Media coverage of war
EXAMPLE 1 FRAMING
"Do you think the Iraq war
can be won?"
(Gavin Esler, Newsnight, BBC2,
Esler (a BBC news presenter) asked this question in a Newsnight
studio debate, following Republican losses in mid-term US
elections. It illustrates how the BBC often frames
the invasion of Iraq. The framing implies that the "success"
(or failure) of the Iraq war remains to be decided.
An alternative question (eg "can the killing be stopped?")
would frame the issue in a way that implies the Iraq invasion
is already known to be a catastrophe.
Esler provided another good
example of framing in August 2004, when UK
politician Adam Price launched a campaign to impeach Tony
Blair for misleading the country over Iraq (http://impeachblair.org).
In a BBC Newsnight interview with Price, presenter
Esler seemed determined to dismiss the evidence against Blair
as "political differences":
"...You're trying to criminalise
political differences we've gone over this endlessly
on the programme... we know the political differences."
[Esler on Newsnight, 25/8/04]
The evidence against Blair remains to be judged by a genuinely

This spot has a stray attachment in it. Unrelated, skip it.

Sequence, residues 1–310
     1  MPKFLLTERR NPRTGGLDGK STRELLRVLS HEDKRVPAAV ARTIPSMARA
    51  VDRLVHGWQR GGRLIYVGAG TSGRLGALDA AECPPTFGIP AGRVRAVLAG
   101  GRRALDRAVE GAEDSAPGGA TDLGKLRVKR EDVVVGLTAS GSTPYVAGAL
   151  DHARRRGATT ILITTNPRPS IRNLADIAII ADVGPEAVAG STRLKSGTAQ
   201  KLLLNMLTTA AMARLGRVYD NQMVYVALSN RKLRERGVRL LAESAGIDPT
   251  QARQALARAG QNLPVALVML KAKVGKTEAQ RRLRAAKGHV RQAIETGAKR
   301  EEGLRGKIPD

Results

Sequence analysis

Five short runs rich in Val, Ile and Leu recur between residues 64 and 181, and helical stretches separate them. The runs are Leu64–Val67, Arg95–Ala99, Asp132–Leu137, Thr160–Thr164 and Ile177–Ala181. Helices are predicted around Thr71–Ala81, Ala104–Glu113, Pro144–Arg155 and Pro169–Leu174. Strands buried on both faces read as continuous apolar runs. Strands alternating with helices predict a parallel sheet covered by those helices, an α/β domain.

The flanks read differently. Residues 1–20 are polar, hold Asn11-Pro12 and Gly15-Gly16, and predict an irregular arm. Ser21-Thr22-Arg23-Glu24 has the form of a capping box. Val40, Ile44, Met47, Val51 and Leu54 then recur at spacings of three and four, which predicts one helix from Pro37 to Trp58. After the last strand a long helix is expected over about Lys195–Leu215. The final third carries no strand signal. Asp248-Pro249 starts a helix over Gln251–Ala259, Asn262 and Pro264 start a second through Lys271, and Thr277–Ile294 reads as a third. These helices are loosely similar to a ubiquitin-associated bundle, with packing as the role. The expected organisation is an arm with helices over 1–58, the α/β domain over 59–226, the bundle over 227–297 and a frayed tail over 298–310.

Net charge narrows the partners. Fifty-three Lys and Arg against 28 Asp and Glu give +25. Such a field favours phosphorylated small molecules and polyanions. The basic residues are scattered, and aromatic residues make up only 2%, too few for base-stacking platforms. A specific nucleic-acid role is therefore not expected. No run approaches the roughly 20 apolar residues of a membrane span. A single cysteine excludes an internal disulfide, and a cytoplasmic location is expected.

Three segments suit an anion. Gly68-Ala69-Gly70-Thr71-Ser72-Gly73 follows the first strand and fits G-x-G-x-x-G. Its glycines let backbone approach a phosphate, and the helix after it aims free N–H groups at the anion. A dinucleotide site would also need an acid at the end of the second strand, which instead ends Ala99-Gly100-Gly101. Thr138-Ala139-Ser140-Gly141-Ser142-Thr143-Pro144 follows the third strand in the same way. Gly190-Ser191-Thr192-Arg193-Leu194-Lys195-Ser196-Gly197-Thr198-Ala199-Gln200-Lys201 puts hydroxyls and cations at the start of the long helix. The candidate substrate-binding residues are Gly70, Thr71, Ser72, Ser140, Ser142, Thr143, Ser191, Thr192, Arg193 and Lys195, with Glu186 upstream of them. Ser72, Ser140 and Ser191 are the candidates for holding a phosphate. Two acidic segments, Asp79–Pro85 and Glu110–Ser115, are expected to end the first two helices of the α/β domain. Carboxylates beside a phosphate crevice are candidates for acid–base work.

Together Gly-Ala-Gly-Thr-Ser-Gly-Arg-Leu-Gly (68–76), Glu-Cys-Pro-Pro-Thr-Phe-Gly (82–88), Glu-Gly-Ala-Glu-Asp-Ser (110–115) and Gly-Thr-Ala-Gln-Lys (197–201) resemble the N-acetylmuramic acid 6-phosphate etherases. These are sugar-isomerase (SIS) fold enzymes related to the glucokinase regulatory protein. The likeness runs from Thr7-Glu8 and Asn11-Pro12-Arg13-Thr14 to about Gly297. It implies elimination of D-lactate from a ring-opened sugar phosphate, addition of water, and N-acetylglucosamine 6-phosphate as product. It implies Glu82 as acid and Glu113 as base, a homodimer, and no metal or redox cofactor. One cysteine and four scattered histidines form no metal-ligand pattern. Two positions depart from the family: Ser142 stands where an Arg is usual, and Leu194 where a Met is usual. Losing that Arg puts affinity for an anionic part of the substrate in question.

independent inquiry (not one conducted by sympathetic establishment
figures appointed by Blair). Esler's framing of this evidence
as "political differences" excludes the possibility
that Blair may be found guilty based on evidence.
EXAMPLE 2 SIMPLE DELETION
BBC1's coverage of Donald Rumsfeld's resignation (BBC1
10 O'Clock news) stated that Rumsfeld was:
"Hailed as a visionary"
It didn't say by whom. This is an example of a type
of semantic distortion known as "simple deletion".
The identity of the person/group expressing the viewpoint
is deleted/excluded. We're left with the default impression
that the opinion is somehow a consensual, official or authoritative
judgement, when it might just be an opinion expressed by one
of Rumsfeld's friends (or, more likely, from a press release
put out by Rumsfeld's PR team). For more on simple deletions,
see: Types of semantic propaganda.
Note: this section is incomplete
more to come soon.